I'm a mountain dulcimer player and teacher living in Athens County, Ohio and sometimes in Wooster, Ohio, which is in Wayne County. I also build custom mountain dulcimers and develop instruction books and audio for learning how to improve your playing.
These charts go along with a little composition project we’re doing currently. I asked my newsletter subscribers if anyone wanted to do their own version of my Light Into Darkness and Tapping at the Edge of Paradise compositions, and there was a very healthy response. So here are the reference charts in the order that you play the chords.
This Aussie comedy act is really amazing. Butch Ross told me about them in 2007 or 2008, when I was obsessed with my little four chord circular progression D – A – Bm – G… that I used for Light Into Darkness, Tapping at the Edge of Paradise, and Tapping Into The Light on electric dulcimer. I just found more and more melodies that went with these chords – and bass lines with chord inversions to make it WAY more interesting.
Now in 2017 it seems like new ideas are again coming forward when I mess with these chords. I even have a more detailed version now, with sub-cycles of chords on each of the four main chords.
Most of the work I’ve done directly on the mountain dulcimer, but its fun with guitar, keyboard (which I can barely play!), or whatever chording instrument is nearby.
So even if the mountain dulcimer is your main instrument, why not play around on a piano or little electronic keyboard and see what happens? I usually resort to the white keys when I work with keyboard, so in C you have: C – G – Am – F. Good luck and let me know how it goes for you!!
Ever since I first got acquainted with the mountain dulcimer in 1970, I have been fascinated by the variety of textures available when strumming across all the strings at once, or picking individual notes. The type of material that is used in a pick has a lot to do with the texture of the sound you get, and the flexibility is also an important factor.
In a general sense, I tend to use very flexible picks when strumming across all the strings (like the thin triangles above), and medium-to-thin picks when I want some individual notes and some strums here and there (like the nylon .60mm or .73mm gray picks above). If I’m playing arpeggios I tend to favor really chunky, massive picks like the black nylon or the 1.14 Ultex.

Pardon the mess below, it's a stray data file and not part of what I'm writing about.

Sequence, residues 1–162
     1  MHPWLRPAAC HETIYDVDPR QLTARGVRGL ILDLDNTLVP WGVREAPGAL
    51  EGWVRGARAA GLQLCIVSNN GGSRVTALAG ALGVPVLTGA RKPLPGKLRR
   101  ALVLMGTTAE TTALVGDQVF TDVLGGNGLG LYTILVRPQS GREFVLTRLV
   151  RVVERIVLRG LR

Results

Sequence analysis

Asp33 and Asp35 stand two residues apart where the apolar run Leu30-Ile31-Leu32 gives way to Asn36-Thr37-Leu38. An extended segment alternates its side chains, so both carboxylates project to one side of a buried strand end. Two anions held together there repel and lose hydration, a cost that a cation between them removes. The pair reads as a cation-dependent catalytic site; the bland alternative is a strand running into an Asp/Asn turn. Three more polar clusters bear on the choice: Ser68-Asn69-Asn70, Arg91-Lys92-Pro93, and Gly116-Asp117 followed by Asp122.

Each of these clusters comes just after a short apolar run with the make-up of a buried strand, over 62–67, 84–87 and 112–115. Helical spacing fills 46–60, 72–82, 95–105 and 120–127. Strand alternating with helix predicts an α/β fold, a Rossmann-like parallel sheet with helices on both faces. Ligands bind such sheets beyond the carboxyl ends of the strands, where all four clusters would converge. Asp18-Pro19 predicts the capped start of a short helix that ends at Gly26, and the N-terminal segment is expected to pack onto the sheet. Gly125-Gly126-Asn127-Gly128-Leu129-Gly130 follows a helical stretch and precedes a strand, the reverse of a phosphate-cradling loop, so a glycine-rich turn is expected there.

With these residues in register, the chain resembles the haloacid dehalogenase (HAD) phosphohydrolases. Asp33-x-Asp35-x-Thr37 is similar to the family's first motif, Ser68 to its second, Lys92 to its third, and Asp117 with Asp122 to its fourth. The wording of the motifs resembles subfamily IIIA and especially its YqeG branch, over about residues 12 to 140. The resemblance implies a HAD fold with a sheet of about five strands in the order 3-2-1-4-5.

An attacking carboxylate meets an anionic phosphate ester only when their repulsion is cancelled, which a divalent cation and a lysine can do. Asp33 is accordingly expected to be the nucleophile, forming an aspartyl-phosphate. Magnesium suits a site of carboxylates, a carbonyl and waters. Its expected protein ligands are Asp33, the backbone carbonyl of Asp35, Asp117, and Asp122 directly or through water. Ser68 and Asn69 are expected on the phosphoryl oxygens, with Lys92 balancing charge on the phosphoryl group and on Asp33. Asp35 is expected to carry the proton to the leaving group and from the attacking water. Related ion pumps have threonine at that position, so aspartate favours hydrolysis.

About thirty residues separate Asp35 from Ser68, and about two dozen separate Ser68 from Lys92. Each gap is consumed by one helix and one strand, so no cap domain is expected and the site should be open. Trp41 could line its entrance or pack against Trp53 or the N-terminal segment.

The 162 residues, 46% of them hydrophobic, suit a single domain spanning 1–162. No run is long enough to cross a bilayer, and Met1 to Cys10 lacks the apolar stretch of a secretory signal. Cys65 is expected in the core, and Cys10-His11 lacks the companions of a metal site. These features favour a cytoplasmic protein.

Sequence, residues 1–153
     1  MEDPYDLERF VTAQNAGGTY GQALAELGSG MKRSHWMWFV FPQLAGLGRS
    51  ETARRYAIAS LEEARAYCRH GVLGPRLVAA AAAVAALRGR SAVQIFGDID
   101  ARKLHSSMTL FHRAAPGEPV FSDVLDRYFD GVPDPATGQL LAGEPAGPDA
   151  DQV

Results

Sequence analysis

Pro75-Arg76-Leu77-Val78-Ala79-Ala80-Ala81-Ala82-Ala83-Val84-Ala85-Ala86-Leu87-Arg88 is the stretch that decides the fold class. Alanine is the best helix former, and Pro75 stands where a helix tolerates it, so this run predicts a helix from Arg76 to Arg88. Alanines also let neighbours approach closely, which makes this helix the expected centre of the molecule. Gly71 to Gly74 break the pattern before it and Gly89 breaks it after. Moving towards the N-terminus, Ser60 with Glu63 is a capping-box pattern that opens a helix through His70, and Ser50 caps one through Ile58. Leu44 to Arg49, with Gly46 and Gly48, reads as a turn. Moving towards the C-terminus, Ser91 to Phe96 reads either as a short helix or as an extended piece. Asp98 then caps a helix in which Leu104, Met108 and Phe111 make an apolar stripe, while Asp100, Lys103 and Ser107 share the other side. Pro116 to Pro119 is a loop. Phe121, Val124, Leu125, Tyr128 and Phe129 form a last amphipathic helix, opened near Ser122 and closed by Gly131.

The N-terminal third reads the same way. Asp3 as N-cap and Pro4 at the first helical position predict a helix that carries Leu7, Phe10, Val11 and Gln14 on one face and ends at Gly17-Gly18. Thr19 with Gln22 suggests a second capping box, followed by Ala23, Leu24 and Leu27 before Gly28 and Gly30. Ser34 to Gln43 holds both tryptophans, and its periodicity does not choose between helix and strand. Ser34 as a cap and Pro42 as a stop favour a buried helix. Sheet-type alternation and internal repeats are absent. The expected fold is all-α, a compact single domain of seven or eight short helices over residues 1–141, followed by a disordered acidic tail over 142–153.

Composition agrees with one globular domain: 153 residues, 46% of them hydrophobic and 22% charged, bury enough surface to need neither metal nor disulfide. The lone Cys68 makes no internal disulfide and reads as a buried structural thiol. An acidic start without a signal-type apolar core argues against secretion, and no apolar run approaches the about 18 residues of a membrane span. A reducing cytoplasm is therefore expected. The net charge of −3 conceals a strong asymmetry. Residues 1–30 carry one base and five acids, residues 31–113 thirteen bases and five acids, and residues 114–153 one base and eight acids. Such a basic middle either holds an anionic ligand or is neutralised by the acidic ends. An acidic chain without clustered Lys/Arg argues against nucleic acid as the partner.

There are some radically different new materials now in picks: some of the black picks above with “COOL” written on them have a very rubbery feel and there is no click whatsoever. Sometimes this is exactly what I’m looking for. Other times I need more high end and more of the traditional dulcimer sound, and I go for the red Herdim picks or the round “pointless” picks (the red ones are the thinnest). I LOVE these round picks! Here is the link where you can order a trial pack:
Most picks aren’t expensive, and the smaller music stores do MUCH better than the big chain stores as far as selection and ability to get your hands on the picks. Go wild and buy a whole bunch of picks made out of completely different materials. Get some real soft super-thin strumming picks, get some medium nylon or tortex, and try a variety of materials in the thick chunky style.
Due to some extreme family pressures, it has been next to impossible to get any of my handmade dulcimers built. Now that seems so be changing some, in that I have a few instruments on hand, and I’m hoping I can continue in this rhythm for at least the next two or three months. Let me know if there is something you are interested in or if you’d like some pricing info — email is jcrockwell – the “at sign” – gmail.com (you know the deal- no spaces: everything run together)
North Carolina Hourglass (NCH model) with cherry back, sides, and fingerboard with spruce top. 26″ nut-to-bridge string length